Anyone who’s read the Vampire Chronicles knows that Lestat is a man of culture. He loves pretty much anything from any time period that he’s lived through, spending the first few pages of the Vampire Lestat just passionately describing how much he ADORES the homage that modern musicians pay to that which he’s familiar with, with their Egyptian jewelery and strangely harmonic electric guitars. Edward’s cultured, too, but hasn’t been around QUITE as long as Lestat. He knows a good amount, but not as much. Not really his fault. He can speak Portuguese, has traveled a bit, and can play piano. Lestat can speak French, plays the piano AND violin, and is in his own rock band. This is a guy who grew up in 18th century France. If that’s not cultured, at least that’s adaptive.
Battle #5: Care for Loved Ones
Silas (from the Graveyard Book) vs. Cullen
Apparently Silas from the Graveyard Book is a vampire. I kind of forgot that after reading it. Oh well, he counts!
In the Graveyard Book, we see a good amount of the boy Bod’s parents and their methods. However, he usually will go to Silas whenever there’s a problem in his life, who gives him pretty much the same advice, if worded differently to suit Bod. He’s not a lax guardian–he will tell Bod exactly what he should do in his situatin. He is not always there for him, going on a temporary leave to take care of business, leaving the werewolf Ms. Lupescu to look after him, giving Bod the sense of independence that he ends up needing when he sets out on his own at sixteen, when he cannot see the ghosts in the graveyard any longer. Edward lets his wife’s ex-sort-of-boyfriend imprint on his daughter so that he can be her love interest when she is fully grown. At age seven.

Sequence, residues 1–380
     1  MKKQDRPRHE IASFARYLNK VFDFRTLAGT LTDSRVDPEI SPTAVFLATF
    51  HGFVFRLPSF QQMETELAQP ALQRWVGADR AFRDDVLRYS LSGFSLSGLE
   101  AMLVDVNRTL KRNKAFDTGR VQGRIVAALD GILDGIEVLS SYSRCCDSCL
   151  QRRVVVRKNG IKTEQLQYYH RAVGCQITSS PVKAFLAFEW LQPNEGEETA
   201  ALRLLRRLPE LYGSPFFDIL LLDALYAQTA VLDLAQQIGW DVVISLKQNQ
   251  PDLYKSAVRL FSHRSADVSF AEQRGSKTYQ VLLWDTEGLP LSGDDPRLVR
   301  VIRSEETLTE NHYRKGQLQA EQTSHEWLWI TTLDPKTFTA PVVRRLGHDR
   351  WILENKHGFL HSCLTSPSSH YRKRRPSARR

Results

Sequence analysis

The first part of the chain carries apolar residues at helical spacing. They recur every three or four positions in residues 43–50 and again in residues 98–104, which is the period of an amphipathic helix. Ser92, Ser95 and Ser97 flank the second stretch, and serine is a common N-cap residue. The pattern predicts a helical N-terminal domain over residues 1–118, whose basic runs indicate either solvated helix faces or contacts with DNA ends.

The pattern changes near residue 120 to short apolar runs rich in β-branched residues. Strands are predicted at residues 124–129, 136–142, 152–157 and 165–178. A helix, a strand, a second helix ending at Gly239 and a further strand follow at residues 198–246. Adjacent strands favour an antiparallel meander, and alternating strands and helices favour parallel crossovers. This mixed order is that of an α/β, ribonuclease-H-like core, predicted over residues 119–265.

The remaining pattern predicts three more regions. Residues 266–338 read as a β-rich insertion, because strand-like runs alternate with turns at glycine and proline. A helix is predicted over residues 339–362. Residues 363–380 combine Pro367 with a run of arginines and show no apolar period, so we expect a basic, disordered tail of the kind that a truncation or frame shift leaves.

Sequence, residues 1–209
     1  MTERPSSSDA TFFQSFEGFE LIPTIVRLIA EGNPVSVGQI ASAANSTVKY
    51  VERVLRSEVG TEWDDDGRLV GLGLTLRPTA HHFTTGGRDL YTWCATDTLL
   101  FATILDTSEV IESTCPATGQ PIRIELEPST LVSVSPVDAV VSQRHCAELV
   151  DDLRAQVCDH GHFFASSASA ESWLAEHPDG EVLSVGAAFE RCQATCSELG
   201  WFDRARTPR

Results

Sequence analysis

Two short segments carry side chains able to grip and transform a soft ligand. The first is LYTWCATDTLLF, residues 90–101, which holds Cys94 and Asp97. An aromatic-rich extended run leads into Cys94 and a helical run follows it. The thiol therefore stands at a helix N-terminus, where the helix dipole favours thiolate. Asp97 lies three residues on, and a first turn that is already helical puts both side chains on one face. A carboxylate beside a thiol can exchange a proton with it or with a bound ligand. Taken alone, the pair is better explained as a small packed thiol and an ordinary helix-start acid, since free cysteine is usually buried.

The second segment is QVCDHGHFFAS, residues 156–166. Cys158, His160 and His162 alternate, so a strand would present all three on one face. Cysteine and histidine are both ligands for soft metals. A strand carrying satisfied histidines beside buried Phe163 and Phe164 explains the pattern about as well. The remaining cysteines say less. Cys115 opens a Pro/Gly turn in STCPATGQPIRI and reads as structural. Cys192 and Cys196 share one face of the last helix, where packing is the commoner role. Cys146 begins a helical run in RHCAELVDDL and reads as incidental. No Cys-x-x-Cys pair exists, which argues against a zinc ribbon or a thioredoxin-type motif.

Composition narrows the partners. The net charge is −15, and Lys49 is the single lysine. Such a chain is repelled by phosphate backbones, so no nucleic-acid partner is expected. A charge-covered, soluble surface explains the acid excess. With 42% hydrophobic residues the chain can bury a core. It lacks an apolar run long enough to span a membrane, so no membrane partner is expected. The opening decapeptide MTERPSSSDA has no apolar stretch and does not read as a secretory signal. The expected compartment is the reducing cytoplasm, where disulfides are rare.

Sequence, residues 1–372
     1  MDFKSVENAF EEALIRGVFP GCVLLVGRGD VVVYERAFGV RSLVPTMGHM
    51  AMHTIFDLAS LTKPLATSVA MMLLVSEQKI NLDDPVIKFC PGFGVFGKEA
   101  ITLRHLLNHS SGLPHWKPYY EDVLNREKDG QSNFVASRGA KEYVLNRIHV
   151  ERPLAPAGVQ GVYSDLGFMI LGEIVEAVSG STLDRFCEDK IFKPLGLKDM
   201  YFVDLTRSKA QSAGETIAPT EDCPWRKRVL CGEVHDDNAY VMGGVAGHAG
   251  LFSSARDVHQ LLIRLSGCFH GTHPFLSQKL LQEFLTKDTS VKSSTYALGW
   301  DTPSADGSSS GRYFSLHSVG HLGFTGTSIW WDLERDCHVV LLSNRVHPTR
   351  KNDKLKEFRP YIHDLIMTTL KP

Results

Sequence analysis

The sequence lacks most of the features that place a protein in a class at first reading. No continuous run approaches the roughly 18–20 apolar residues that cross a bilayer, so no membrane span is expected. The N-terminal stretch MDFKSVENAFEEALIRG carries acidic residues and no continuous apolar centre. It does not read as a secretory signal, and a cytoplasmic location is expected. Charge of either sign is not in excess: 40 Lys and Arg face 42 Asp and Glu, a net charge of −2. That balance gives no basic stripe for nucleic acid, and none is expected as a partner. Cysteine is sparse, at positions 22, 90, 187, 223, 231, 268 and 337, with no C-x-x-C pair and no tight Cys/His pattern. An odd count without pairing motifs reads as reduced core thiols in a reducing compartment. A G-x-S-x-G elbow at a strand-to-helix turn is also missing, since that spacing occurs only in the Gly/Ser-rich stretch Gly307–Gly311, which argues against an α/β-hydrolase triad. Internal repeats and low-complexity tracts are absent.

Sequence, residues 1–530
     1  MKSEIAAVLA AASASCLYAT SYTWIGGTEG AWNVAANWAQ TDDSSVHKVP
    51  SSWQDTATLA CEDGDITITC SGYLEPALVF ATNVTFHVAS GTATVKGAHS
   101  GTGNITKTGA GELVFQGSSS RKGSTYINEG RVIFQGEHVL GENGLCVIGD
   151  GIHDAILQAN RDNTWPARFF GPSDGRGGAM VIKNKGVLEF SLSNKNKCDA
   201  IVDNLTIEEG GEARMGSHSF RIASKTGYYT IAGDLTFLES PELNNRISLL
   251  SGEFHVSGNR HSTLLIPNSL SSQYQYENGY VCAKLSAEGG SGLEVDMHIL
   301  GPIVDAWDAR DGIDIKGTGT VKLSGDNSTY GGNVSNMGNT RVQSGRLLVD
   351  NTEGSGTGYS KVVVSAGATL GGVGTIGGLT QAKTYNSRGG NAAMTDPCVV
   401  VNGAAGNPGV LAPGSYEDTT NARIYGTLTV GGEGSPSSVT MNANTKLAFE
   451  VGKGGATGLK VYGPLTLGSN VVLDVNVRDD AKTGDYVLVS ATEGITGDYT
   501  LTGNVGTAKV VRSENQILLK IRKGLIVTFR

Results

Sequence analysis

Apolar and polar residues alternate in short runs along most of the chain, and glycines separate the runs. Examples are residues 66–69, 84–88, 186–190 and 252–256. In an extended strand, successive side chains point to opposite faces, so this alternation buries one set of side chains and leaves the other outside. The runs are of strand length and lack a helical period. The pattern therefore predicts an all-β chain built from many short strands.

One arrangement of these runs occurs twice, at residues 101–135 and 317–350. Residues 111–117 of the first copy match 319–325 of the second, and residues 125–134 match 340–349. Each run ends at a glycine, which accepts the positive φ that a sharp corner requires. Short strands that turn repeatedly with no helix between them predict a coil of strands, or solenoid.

I think it’s GIF time.
Battle #6: Capability of Being a Mentor
Larten Crepsley vs. Cullen
This is kind of cheating, too, since this is pretty much the same reason as Silas, but it’s also slightly different. I haven’t even finished this series yet and I think this guy’s a better mentor than Edward. After reluctantly transforming the main character Darren into a half-vampire, he remains a steadfast mentor, teaching him the ways of the vampire world, a world that they have no choice but to deal with. Edward and his family try to escape this world. And why? So they don’t have to kill people for their blood. Crepsley, meanwhile, tells Darren that vampires do not necessarily NEED to kill anyone for blood. It’s actually more beneficial if they don’t. Oh, and he actually makes certain that Darren remains responsible for his actions. Something Edward NEVER teaches his daughter Renesmee. Now that I think about it, do they ever even bond in Breaking Dawn?
Side note: when I started reading the first book, I finished almost all of it during my study hall period. Almost. When the bell rang, I was SHAKING, I needed to know what was going to happen. I was quite literally going through Cirque du Freak Withdrawal.
Battle #7: Ability to Keep Audiences Entertained
The Count from Sesame Street vs. Cullen
Hey, he counts! (Seriously, no pun intended. I’m actually kind of kicking myself for that one.)
Edward is usually used either as the butt of the joke or the sex object of teenage girls and twi-moms alike. Not really a big picture. The Count, meanwhile, is capable of entertaining pretty much everyone in the world. Do not tell me you don’t smile a bit when he goes: “One thingy! AH AH AH!! Two thingy! AH AH AH!!”